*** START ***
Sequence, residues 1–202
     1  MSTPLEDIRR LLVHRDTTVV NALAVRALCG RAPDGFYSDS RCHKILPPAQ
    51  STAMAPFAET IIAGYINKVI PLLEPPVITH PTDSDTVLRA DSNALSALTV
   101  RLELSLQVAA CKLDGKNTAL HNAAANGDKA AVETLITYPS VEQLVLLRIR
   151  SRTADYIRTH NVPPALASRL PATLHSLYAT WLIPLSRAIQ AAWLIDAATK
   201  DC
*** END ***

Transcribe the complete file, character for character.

Sequence, residues 1–202
     1  MSTPLEDIRR LLVHRDTTVV NALAVRALCG RAPDGFYSDS RCHKILPPAQ
    51  STAMAPFAET IIAGYINKVI PLLEPPVITH PTDSDTVLRA DSNALSALTV
   101  RLELSLQVAA CKLDGKNTAL HNAAANGDKA AVETLITYPS VEQLVLLRIR
   151  SRTADYIRTH NVPPALASRL PATLHSLYAT WLIPLSRAIQ AAWLIDAATK
   201  DC